They call it Russia’s Great December Evolution — a peaceful counterpoint to the Great October Revolution of 1917.
Civility, friendliness and unity in disgust with Russia leadership were the hallmarks of Moscow’s mass meeting to protest what was called blatant election fraud.
Nationalists with Czarist flags marched next to Communists, next to aging dissidents — all amidst a sea of seemingly unaffiliated, first time demonstrators. With the exception of the ruling United Russia Party, the whole Russian political soup was there. They stood together in the cold of the first winter snow.
Everyone I approached was happy to openly vent into a VOA microphone.
Anger was high over widespread corruption. Humiliation was clear over the announcement last September by President Medvedev and Prime Minister Putin of their choreographed job pirouette. In retrospect, that job swap plan may have been a bridge too far.
Igor Khodorov, a 33-year-old employment agency worker, said he had not been to a demonstration since he was a student, in the 1990s. Corruption was on his mind as we marched in the tight crowd across a Moscow River bridge, with the red walls of the Kremlin fading into the snow, and the demonstration site, Swamp Square, nearing in the half light. Massive riot police trucks ground past, but he spoke his mind bluntly:
“The leadership of Russia is so corrupt that stealing millions of votes is no harder for them than picking someone’s pocket in this crowd.”
After a decade, the magic spell of Putinism has been broken for many Russians.
For a decade, Vladimir Putin successfully ran Russia by wrapping himself in the flag of political stability. Stability is deeply desired by many Russians who feel burned by their two 20thcentury revolutions – the rise of Communism in 1917, and the fall of Communism in 1991.
To remind Russians of the benefits of Putin-provided stability, state-run Russia 24 news channel begins every hour with a 60-second round up video of recent street violence from around the world – looters in London, anarchists in Athens, police wrestling with Occupy Wall Streeters in New York.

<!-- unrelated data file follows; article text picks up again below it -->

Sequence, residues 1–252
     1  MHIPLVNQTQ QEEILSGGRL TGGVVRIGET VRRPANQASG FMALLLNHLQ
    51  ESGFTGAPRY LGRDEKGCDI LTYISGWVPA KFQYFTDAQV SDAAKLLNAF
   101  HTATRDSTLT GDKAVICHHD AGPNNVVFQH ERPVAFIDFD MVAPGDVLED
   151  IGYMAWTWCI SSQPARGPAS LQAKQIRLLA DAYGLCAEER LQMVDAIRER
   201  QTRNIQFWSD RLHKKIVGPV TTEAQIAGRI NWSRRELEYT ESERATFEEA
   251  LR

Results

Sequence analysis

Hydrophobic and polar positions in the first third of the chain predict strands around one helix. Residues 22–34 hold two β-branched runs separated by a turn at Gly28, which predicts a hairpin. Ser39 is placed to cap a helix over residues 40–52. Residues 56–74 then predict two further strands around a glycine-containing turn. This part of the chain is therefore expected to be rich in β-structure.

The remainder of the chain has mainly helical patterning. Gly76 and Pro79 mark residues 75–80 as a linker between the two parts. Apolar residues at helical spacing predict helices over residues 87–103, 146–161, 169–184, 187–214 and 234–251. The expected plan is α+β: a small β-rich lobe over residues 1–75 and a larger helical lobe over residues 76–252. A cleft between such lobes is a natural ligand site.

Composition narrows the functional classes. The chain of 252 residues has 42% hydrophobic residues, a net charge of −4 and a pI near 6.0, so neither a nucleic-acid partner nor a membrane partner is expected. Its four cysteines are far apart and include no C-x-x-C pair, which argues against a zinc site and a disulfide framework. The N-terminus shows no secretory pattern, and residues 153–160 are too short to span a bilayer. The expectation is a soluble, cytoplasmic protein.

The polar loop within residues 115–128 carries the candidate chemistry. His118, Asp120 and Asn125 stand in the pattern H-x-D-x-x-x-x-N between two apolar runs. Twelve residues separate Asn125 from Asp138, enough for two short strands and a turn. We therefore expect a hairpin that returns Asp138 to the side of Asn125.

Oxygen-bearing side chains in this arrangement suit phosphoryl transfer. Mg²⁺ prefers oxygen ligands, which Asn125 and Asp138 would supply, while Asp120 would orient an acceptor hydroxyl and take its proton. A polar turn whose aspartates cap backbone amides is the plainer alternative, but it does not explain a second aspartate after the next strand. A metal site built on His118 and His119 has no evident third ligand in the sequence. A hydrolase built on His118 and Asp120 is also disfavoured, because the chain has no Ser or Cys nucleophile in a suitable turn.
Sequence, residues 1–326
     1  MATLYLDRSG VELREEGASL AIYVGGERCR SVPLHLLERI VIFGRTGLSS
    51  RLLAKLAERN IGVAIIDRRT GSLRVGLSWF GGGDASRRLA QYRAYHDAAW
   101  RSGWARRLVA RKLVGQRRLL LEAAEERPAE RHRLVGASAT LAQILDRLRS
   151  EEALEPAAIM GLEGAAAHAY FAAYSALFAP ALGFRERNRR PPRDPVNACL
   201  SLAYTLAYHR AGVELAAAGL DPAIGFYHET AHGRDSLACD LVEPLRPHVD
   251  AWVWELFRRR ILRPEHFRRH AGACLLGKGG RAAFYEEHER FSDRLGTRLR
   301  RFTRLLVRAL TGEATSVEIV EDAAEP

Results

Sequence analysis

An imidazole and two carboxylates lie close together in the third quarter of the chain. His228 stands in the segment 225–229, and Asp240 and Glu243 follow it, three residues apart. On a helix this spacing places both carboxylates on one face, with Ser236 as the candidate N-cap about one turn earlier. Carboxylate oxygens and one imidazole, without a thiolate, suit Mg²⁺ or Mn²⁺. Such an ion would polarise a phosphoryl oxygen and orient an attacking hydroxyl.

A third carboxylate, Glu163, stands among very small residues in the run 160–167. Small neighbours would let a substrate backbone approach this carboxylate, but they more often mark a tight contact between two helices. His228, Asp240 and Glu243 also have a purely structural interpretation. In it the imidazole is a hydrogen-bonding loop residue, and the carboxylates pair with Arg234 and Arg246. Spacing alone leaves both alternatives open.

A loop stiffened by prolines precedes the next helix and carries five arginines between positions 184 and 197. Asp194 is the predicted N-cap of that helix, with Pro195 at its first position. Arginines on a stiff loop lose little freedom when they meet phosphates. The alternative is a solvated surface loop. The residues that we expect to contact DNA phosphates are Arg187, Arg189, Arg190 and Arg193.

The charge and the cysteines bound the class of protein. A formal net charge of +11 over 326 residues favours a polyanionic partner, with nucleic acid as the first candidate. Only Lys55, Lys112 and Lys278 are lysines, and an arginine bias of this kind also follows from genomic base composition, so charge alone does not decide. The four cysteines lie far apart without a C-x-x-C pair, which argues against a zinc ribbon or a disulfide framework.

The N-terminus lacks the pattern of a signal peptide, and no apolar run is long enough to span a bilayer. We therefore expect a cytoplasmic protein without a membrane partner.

So, last week, when Russia’s election protests spread like wildfire over the internet, Kremlin Cassandras loudly warned of the worst. When protests hit the streets, police cracked down hard, arresting hundreds. Detainees reported being beaten – before and after being thrown into prison wagons..
Faced with a mass demonstration called for Saturday, the Kremlin let it go ahead, but only after surrounding protesters with a Hollywood style military operation that seemed designed to contain bomb-throwing anarchists.
Protesters marched between long lines of police. On leaving, everyone walked past a long line of riot policemen wearing Robocop armor. Long lines of gray metal prison trucks waited on side streets.
But, by the end of the day, there had been no violence, no detentions. Not one window was broken. Not one line of graffiti was sprayed.
Across Russia, similar protests were held in dozens of cities. Overwhelmingly, they too were peaceful.
Anton Krasovsky, an NTV political talk show host, posted on his Facebook page: “To all those who were yelling that there would be blood, who hoped for bodies, for provocations, what did you get?”
A Kremlin ideologue once told me that Russians only respond to the red flag and the black flag. In this paternalistic mindset of the Kremlin, Russians do not yet have the political maturity to elect their own mayors and governors. (Unlike the Brazilians and the Indians).
But, in this “Father Knows Best” world view, the children proved themselves on Saturday to be adults. Russia’s fast evolving middle class showed that political protest does not mean tacking a red flag or a black flag to a baseball bat. The new byword is peaceful dissent.
Aleksei Navalny, the most popular opposition leader, sent Saturday’s gathering an address from jail where he is serving a 15-day sentence for resisting police at the first post-election protest, on Monday night.
“Everyone has the single most powerful weapon that we need ― dignity, the feeling of self-respect,” he said. “It’s impossible to beat and arrest hundreds of thousands, millions. We have not even been intimidated. For some time, we were simply convinced that the life of toads and rats, the life of mute cattle, was the only way to win the reward of stability and economic growth. We are not cattle or slaves. We have voices and votes and we have the power to uphold them.”
Building on Saturday’s peaceful rally, organizers now are using social networking sites to organize a second one in Moscow, on Dec. 24. Their goal: 500,000 people.
The terms of Russia’s political debate are changing fast. On Saturday, a popular chant was: “New Year’s Without Putin!”
Now, the world asks this question for Russia’s leaders: Can they evolve fast enough to keep up with their citizenry?